In 1944–1945 Rabinowitz went to Mexico to visit one of her sisters and thus met Samuel Zabludowsky (b. 1908), whom she married in New York on December 1945. The couple had no children. When Samuel died in 1971 at the age of sixty-one, he left a young widow. “In my pupils I found the children I would have liked to have, from them I obtained love and satisfaction.”
In 1947, Rabinowitz was invited to work in the kindergarten of the Colegio Israelita de Mexico as a substitute for teacher Miriam Tchornitsky. Two years later, after working in an environment of ideological, personal and community attacks against the lerers Abraham Golomb, Yosef Rotemberg and Leib Bayon, the other school’s teachers and principals used the newspapers Di Shtime and Der Veg to attack their ideas. Zabludowsky “chose to become more involved in working as a teacher than in the school’s politics,” but finally she decided to make common cause with the group that would leave to create a new school: Naye Yidisher Shule, which from the beginning was conceived as small, apolitical and profoundly yiddishist.
In 1959, when the school moved to more spacious quarters close to the CDI (Jewish Sports Center), the number of students grew and Vele Zabludowsky was promoted to serve as the principal of the kindergarten.
In 1972 she worked in both the kindergarten and the high school, where she taught Yiddish literature. She has been an eternal student and a lecturer as well as a teacher. In 1974 she was promoted to become the vice principal of the school (1974–1977).
In 1978 she was named the General Principal of the Nuevo Colegio Israelita, a post she held for fourteen years. When she finished this assignment she took a course in family therapy (1992–1995) and helped those who turned to the Kehillah for aid. She went back to teaching the lererkes from the Yiddish School at the Seminar le-Morim of the Ashkenazi Kehillah for four years and later taught the lererkes from the Naye Yidisher Shule on their own premises. In 1996 she went back to the Nuevo Colegio Israelita High School to teach Yiddish. At present she is a member of the executive at the Kehillah. She works in the Assistance and Aid Committee and prepares lessons for the high school at the Naye Yidisher Shule.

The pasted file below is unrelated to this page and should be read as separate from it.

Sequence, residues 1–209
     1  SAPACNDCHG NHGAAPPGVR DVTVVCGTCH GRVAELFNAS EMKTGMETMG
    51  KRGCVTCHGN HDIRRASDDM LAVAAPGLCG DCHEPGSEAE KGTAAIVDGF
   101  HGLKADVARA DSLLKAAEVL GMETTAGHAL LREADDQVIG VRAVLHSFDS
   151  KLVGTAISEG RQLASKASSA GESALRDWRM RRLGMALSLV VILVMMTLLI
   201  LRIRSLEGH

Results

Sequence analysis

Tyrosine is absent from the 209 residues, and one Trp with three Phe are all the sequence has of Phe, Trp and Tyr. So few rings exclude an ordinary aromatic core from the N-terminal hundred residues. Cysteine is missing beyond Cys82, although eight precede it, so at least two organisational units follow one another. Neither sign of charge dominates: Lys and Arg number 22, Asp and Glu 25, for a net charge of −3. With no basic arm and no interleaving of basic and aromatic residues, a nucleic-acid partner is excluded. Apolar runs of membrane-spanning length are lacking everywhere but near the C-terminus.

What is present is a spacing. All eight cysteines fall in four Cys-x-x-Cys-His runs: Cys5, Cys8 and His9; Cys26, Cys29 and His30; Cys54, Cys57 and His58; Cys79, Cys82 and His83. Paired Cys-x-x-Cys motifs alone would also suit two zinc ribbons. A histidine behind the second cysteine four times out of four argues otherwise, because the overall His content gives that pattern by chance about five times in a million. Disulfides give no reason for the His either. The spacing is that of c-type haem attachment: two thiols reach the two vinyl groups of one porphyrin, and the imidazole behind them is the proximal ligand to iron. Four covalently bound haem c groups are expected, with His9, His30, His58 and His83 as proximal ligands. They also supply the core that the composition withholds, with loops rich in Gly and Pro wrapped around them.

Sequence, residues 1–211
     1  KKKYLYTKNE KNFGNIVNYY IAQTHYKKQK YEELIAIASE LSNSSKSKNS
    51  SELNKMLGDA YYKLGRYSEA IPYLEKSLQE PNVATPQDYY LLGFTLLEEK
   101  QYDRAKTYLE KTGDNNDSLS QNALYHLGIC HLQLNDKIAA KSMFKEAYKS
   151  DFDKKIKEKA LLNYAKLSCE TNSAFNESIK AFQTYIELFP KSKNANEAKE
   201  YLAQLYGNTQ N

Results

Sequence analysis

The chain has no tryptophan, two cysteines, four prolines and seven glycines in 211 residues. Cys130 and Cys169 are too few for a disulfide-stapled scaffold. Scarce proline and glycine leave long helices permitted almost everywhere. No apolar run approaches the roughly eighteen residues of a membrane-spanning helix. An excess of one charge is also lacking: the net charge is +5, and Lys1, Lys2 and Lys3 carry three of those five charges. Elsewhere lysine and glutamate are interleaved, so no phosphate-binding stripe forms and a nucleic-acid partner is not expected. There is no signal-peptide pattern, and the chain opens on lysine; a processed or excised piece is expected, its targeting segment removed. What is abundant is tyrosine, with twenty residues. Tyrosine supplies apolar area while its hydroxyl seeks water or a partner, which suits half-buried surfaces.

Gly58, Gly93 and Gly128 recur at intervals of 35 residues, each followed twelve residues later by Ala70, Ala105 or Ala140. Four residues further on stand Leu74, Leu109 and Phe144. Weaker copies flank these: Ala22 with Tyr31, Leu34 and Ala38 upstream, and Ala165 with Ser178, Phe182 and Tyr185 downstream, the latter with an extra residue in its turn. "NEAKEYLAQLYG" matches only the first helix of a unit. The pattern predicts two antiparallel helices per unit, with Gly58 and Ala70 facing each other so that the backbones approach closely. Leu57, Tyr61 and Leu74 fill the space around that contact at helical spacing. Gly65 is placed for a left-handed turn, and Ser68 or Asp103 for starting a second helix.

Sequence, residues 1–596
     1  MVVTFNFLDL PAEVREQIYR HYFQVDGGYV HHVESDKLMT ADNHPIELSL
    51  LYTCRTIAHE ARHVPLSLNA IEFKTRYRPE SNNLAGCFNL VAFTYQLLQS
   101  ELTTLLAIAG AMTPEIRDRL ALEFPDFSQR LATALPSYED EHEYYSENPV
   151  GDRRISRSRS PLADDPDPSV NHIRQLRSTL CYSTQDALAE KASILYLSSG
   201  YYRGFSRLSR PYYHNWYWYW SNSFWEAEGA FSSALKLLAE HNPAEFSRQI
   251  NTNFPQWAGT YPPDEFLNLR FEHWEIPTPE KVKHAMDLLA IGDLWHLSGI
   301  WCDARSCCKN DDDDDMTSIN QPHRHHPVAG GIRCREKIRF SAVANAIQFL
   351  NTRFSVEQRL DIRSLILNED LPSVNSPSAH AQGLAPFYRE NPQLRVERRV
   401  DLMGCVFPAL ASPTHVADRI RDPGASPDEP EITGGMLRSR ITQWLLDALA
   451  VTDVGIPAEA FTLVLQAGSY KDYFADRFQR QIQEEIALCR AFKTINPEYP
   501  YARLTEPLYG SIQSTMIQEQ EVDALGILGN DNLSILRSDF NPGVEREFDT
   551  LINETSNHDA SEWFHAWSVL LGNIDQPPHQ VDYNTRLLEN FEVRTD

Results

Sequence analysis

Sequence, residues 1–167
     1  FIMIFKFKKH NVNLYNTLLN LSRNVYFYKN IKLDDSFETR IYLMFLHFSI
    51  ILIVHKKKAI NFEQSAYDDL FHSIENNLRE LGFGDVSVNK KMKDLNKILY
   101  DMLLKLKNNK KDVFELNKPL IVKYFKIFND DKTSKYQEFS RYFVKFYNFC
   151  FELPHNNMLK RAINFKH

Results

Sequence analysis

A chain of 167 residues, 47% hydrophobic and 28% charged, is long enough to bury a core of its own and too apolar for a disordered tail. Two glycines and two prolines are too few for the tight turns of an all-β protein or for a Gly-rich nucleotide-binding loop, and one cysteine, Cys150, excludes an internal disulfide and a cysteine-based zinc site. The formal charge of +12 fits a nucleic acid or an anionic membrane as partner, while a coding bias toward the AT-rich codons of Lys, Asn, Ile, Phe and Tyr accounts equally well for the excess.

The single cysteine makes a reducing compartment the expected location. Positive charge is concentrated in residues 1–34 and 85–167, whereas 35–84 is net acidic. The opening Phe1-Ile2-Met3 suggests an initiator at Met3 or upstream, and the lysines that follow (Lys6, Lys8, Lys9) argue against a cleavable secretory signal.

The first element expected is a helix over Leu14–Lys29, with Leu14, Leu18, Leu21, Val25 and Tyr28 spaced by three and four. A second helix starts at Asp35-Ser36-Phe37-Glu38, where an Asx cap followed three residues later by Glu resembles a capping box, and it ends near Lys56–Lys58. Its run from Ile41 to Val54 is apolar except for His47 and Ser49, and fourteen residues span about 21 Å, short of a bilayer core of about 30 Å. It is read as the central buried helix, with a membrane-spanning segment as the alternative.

Rabinowitz has published many essays on education and on Yiddish in magazines and newspapers. She has participated in congresses, round tables and lectures at various institutions. In December 1999 the Mexico-Israel Cultural Institute awarded her a prize in acknowledgment of her work in the Jewish Community in Mexico.
Avni, Haim, ed. Testimonios de la Historia Oral. Judíos en México. UHJ y Amigos UHJ Mexico: 1990; Finkelman de Sommer, Maty. Instruye a tus hijos. In Generaciones judías en México. Kehila Ashkenazi (1922–1992). Alice G. Backal (Coord.). Mexico: 1993; Zabludowsky, Vele. Interview with Naty G. de Okon, August 1988. In Testimonios de la Historia Oral. Judíos en México Avni, Haim, editor. Mexico:1990; Zabludowsky, Vele. Interview with Frida Staropolsky. February 2 and August 27, 2002; Cimet de Singer, Adina. The Ashkenazi Jewish Community in Mexico: Ideologies in the Structuring of a Community. New York: 1997.
How to cite this page
Staropolsky-Shwartz, Frida. "Vele Rabinowitz Zabludowsky." Jewish Women: A Comprehensive Historical Encyclopedia. 27 February 2009. Jewish Women's Archive. (Viewed on December 9, 2019) <https://qa.jwa.org/encyclopedia/article/zabludowsky-vele-rabinowitz>.